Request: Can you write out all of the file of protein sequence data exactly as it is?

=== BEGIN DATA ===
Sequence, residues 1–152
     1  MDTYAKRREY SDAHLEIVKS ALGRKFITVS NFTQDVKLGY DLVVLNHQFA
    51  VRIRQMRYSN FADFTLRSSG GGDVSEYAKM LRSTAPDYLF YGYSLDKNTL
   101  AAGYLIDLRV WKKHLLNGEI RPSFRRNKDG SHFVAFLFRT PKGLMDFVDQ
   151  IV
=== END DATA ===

Sequence, residues 1–152
     1  MDTYAKRREY SDAHLEIVKS ALGRKFITVS NFTQDVKLGY DLVVLNHQFA
    51  VRIRQMRYSN FADFTLRSSG GGDVSEYAKM LRSTAPDYLF YGYSLDKNTL
   101  AAGYLIDLRV WKKHLLNGEI RPSFRRNKDG SHFVAFLFRT PKGLMDFVDQ
   151  IV